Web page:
Miranda Paley’s favorite structure is:



Source: PDB


Because: it’s the freaking ribosome! While later structures provided better resolution, this structure is the hallmark of visionary Ada Yonath’s career. She was ridiculed for so many years about trying to crystallize the ribosome, and she finally got it! The additional work on the paper modeling in tetracycline to show its mode of action and to further validate the solution to the structure is also well done. —Miranda Paley

George Oh’s favorite structure is:



There is such high symmetry – concentric shapes within shapes, starting with platonic solids and going into bigger polyhedra to fit the number of atoms. The shapes are also interwoven with each other, and the viewer can find a multitude of shapes of all sorts of symmetry. It’s like playing with shape tiles in elementary school, but in 3d! —George Oh

Stephanie Taylor’s favorite structure is:


Stephanie Taylor

Source: Stephanie Taylor


DNA says so much in a single picture. First, getting students to have an idea of what x-ray crystallography IS can be difficult. They have been seeing this odd black and white picture in chapters on DNA in their textbooks since high school, so it obviously has a biology connection.

Second, it connects the importance of the contribution of women in science. Rosalind Franklin not only discerned that the phosphate backbone was on the OUTSIDE of the structure, she also was among the first to crystallize the B form of DNA, which created clearer x-ray diffraction patterns and is more biologically relevant.

Finally, though it is well known, DNA is far from a cliche molecule. Its versatility and stability fascinate biologists, chemists, engineers, and physicists. Every field has a niche for it.

I am certain you will get this answer often, and for the best of reasons — while we have beautiful structures of many things of importance, you will find it difficult to find a scientist (amateur to professional) who is unfamiliar with the beauty of their own legacy and lineage: DNA. —Stephanie Taylor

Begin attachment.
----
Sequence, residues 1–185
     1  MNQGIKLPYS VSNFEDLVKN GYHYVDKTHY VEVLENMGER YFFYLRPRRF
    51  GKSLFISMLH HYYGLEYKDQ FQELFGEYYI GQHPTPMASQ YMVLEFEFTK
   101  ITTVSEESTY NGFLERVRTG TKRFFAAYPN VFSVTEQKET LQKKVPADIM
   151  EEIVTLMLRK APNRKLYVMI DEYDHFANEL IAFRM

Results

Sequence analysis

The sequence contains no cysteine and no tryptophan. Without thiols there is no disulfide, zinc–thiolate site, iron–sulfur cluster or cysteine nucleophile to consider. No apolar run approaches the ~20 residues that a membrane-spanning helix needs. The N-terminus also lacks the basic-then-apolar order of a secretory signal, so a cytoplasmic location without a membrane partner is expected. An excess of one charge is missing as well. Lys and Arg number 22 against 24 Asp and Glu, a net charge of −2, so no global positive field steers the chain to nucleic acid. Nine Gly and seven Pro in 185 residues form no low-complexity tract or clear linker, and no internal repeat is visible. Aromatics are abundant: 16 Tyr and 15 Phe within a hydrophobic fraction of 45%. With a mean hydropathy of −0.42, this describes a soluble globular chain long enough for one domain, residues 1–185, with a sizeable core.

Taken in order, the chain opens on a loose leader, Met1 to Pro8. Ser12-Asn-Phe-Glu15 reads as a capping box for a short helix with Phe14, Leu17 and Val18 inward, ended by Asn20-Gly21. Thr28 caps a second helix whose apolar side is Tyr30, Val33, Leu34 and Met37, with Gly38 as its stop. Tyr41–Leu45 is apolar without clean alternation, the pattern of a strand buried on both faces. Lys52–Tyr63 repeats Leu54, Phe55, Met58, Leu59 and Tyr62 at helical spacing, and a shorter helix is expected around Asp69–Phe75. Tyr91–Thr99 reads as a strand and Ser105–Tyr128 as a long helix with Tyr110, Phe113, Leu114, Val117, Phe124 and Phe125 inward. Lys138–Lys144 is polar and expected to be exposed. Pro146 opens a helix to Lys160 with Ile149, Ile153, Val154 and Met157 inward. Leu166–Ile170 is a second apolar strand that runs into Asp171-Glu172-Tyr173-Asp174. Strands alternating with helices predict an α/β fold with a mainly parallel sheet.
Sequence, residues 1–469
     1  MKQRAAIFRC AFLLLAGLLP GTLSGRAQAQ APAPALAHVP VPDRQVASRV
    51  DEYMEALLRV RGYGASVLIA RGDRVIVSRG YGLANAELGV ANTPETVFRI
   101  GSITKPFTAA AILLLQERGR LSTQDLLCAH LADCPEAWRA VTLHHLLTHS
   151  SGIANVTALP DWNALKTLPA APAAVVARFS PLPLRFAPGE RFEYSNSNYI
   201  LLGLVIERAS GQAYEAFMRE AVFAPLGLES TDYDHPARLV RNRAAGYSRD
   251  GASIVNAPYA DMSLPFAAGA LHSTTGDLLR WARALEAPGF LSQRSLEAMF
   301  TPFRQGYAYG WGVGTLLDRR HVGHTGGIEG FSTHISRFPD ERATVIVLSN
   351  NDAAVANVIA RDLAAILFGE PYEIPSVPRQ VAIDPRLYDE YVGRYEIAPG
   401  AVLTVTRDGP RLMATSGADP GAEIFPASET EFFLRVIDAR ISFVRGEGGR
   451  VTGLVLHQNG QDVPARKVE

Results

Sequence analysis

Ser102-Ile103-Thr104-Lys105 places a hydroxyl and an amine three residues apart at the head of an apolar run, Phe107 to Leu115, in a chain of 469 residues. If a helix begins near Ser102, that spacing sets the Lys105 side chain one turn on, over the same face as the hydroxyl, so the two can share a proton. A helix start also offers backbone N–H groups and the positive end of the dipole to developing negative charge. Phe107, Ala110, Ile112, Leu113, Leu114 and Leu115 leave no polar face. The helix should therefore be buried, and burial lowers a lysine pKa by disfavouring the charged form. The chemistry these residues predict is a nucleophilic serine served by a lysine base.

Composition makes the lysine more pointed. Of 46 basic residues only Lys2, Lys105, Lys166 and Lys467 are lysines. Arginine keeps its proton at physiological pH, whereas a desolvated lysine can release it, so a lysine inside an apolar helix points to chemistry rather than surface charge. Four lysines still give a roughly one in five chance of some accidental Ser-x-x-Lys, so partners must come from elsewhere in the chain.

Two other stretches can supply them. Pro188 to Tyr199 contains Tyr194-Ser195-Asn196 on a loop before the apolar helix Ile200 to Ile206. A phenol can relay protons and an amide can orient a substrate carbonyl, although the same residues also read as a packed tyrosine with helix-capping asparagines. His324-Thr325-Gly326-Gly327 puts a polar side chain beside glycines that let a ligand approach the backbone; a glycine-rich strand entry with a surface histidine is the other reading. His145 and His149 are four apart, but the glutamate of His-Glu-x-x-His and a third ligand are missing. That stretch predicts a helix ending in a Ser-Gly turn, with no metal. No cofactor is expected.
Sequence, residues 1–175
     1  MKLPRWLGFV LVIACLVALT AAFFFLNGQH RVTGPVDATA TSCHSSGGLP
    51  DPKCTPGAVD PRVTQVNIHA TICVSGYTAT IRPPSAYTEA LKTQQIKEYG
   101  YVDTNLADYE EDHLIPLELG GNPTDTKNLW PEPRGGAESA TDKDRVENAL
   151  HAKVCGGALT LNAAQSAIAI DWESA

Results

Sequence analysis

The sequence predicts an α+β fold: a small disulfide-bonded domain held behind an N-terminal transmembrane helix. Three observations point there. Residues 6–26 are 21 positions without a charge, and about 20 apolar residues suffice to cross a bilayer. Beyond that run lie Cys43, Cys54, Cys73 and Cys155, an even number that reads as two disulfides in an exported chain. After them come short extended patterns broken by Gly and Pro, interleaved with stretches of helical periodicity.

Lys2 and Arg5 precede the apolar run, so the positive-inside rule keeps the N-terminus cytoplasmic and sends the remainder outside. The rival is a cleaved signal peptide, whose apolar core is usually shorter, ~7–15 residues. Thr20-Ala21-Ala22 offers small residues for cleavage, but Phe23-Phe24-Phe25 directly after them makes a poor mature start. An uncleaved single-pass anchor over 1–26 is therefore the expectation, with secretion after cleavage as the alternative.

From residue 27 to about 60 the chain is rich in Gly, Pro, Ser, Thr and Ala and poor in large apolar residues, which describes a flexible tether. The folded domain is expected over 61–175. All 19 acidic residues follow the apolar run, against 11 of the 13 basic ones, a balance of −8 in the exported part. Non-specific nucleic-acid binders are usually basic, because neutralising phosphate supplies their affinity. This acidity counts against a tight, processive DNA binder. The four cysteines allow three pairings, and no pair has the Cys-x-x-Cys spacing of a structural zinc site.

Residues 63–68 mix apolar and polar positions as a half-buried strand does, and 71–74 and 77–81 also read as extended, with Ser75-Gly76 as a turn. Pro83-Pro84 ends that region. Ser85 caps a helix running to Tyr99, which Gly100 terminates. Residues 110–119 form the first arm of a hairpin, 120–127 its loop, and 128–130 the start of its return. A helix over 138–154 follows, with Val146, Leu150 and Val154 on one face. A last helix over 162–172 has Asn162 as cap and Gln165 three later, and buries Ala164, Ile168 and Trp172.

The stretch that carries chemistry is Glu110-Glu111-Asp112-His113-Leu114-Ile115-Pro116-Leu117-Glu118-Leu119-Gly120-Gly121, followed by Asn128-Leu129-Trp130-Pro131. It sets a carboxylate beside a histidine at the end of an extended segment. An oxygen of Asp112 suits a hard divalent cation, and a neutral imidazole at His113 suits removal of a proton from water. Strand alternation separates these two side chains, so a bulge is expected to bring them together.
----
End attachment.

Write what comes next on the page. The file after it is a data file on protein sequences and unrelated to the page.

Vito Capriati’s favorite structure is:

α-Lithiated oxirane


Source: Chemical Science 2014, 5, 528-538


This is the first crystallographic evidence for the structure of a highly reactive lithiated aryloxirane (t½ = 1.6 s at 157 K in THF). All operations were carried out under a nitrogen atmosphere at the temperature of 100 K. α-Lithiated oxiranes have long considered “fleeting” intermediates in the reaction of epoxides with strong bases, but have nowadays proven to be key synthons for asymmetric synthesis. They are small-ring heterocycles carrying a peculiar polarized Li-C bond which gives them the character of “carbenoids”, thereby exhibiting an amphiphilic behaviour, that is a nucleophilic as well as an electrophilic reactivity. In spite of their widespread use in synthetic strategies, however, information about the reactivity and structural features of these species were lacking before publishing these data. Indeed, It was as well long postulated that was an alkoxy carbene, in equilibrium with the lithiated epoxide, responsible of the carbene-like reactivity observed under certain experimental conditions. The knowledge of the solution and the solid structure of these intermediates may set the scene for future development in the field of α-lithiated epoxides and for controlling stereochemistry in C–C bond forming reactions onto an oxirane moiety. —Vito Capriati

Ombretta Masala’s favorite structure is:

Franklin’s famous “photograph 51” that finally revealed the helical structure of DNA


Source: www.nobelprize.org


It was Franklin’s famous X-ray diffraction photo that finally revealed the helical structure of DNA to Watson and Crick in 1953.

It is my favourite because it solved the puzzle of the elusive structure of the DNA and I like the story behind. Franklin was robbed of recognition because Photo 51 enabled Watson, Crick, and Wilkins to deduce the correct structure for DNA, which they published in a series of articles in the journal Nature in April 1953 without Franklin. Franklin’s image of the DNA molecule was key to deciphering its structure, but only Watson, Crick, and Wilkins received the 1962 Nobel Prize in physiology or medicine for their work (Franklin died four years earlier and Nobel prizes aren’t awarded posthumously).

It is thought as one of the most well-known—and shameful—instances of a researcher being robbed of credit and in particular of a woman scientist who was snubbed due to sexism. —Ombretta Masala